- About this Journal ·
- Aims and Scope ·
- Article Processing Charges ·
- Author Guidelines ·
- Bibliographic Information ·
- Citations to this Journal ·
- Contact Information ·
- Editorial Board ·
- Editorial Workflow ·
- Free eTOC Alerts ·
- Publication Ethics ·
- Recently Accepted Articles ·
- Reviewers Acknowledgment ·
- Submit a Manuscript ·
- Subscription Information ·
- Table of Contents
ISRN Obstetrics and Gynecology
Volume 2013 (2013), Article ID 173278, 5 pages
Effectiveness of a Novel Device in the Reduction of Cesarean Deliveries
Chief of Obstetrics, Niagara Falls Memorial Medical Center, 621 10th Street Hodge 3, Niagara Falls, NY 14301, USA
Received 17 June 2013; Accepted 31 July 2013
Academic Editors: M. Friedrich and M. Kühnert
Copyright © 2013 Daniel A. Burns. This is an open access article distributed under the Creative Commons Attribution License, which permits unrestricted use, distribution, and reproduction in any medium, provided the original work is properly cited.
Objective. To test the hypothesis that the use of the HEM-AVERT Perianal Stabilizer will result in a reduction of cesarean births and shorter duration of second-stage labor. Study Design. In a prospective controlled trial, 102 women scheduled for vaginal delivery were randomized to either the HEM-AVERT investigational device or control group. Ninety eight (98) patients completed the study. A chi-square test was used to evaluate the difference in the number of cesarean deliveries between the investigational and control groups. Duration of second-stage labor was assessed as a secondary outcome. Results. Six (6) of the 50 patients in the investigational group (12%) failed to deliver vaginally and required cesarean delivery. Comparatively, 19 of the 48 control patients (39.6%) required cesarean delivery. Duration of second-stage labor was shorter in the investigational group, but the difference was not statistically significant. Results from 4 patients were excluded due to protocol violations. Conclusion. The HEM-AVERT device effectively reduced the incidence rate of cesarean deliveries in the investigational group when compared to women who delivered without use of the device. This trial is registered with ClinicalTrials.gov NCT01739543.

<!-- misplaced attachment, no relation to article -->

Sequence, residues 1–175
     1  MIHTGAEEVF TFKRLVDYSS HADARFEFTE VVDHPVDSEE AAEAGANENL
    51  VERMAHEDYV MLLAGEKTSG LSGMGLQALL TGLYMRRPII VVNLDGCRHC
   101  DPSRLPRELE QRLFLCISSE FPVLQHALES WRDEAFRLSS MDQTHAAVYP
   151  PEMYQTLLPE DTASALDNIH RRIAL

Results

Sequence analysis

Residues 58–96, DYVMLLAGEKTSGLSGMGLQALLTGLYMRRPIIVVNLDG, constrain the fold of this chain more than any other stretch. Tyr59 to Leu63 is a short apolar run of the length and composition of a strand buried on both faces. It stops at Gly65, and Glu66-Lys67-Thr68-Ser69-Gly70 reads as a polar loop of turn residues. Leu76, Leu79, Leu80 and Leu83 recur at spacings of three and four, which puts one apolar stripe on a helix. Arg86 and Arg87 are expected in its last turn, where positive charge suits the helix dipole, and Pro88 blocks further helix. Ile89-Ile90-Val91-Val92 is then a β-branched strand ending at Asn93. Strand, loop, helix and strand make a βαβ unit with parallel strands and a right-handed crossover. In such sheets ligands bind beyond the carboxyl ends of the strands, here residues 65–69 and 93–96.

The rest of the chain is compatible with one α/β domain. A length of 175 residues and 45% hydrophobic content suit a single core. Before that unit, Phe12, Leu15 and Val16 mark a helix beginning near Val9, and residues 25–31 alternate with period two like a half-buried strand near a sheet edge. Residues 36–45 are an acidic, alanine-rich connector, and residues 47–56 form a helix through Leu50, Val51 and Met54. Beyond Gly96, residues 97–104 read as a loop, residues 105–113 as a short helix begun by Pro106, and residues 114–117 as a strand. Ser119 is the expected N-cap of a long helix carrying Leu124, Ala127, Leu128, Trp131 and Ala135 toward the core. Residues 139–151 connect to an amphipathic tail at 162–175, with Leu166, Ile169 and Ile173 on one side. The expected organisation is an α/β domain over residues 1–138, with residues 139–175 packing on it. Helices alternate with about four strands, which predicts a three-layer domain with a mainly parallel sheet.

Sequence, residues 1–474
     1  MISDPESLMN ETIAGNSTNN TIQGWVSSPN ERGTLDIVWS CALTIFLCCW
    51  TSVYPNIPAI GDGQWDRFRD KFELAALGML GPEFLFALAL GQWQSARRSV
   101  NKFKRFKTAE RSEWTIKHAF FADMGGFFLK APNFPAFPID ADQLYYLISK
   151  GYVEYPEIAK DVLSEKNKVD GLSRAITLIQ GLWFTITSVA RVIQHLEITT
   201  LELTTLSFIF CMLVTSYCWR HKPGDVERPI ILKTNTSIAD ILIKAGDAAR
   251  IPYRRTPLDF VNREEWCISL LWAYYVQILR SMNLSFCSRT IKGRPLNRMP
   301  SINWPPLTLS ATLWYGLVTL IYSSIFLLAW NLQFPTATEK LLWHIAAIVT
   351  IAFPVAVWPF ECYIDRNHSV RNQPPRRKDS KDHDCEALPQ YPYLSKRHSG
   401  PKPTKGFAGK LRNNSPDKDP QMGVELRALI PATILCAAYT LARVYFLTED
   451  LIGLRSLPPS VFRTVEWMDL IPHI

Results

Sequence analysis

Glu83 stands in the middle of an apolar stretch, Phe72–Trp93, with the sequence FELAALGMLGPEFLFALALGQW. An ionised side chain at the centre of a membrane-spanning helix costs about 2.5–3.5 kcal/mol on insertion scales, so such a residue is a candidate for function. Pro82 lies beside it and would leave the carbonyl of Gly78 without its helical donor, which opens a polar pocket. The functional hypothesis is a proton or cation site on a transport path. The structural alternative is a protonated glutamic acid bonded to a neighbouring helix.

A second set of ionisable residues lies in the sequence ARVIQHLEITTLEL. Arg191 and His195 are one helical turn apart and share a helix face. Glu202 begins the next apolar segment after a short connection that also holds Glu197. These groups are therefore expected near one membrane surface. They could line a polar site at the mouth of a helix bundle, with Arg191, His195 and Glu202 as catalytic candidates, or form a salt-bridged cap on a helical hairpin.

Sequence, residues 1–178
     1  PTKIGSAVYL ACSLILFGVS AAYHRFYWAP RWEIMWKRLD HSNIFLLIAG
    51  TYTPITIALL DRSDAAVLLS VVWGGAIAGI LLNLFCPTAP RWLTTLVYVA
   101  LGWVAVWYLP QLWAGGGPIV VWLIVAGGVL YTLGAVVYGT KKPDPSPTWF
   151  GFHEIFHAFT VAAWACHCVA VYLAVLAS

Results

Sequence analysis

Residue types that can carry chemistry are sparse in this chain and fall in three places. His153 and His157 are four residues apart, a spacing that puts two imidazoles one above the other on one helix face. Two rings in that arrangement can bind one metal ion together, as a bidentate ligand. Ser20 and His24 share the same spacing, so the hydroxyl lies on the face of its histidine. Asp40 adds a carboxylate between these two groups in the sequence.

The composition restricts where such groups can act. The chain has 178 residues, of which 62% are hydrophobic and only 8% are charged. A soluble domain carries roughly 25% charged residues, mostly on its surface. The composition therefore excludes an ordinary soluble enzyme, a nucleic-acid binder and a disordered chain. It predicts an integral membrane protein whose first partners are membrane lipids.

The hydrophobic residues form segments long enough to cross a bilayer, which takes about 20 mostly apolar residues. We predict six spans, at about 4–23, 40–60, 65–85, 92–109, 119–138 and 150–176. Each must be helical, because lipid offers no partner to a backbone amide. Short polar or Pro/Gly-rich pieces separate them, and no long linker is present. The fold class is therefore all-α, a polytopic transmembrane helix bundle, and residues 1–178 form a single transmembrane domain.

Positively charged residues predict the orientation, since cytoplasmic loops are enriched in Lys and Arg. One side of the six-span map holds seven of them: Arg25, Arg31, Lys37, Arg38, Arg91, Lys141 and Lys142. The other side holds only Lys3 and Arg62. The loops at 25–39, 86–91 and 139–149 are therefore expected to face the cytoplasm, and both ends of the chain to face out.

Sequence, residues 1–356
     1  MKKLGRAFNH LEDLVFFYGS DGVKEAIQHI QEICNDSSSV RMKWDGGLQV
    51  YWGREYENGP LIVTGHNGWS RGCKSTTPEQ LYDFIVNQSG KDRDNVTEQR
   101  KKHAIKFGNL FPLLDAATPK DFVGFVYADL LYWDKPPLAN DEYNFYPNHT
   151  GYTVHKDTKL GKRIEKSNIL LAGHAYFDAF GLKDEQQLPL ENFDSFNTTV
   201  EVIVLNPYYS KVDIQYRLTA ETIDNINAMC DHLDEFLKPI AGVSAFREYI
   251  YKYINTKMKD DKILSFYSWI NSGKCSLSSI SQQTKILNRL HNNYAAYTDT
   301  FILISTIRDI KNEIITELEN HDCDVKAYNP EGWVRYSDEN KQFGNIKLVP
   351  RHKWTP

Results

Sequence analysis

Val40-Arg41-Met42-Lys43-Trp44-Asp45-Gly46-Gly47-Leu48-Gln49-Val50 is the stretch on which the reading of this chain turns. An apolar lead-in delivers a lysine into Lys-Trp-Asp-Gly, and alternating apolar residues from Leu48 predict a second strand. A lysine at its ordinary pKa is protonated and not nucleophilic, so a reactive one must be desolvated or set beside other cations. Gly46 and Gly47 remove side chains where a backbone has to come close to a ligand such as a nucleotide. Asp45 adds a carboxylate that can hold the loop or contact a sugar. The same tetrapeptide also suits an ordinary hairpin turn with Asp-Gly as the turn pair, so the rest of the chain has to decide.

The rate of cesarean delivery has risen steadily in the United States since 1996 and currently ranks as the most common surgical procedure performed on women with published estimates ranging from 1.3 to 1.4 million procedures annually . Preliminary numbers released in the National Vital Statistics Reports (October 2012) indicated that the US cesarean rate in 2011 was 32.8%, unchanged from 2010 . The growth in cesarean procedures crosses all demographic boundaries as it is inclusive of all age, racial, ethnic, and economic groups.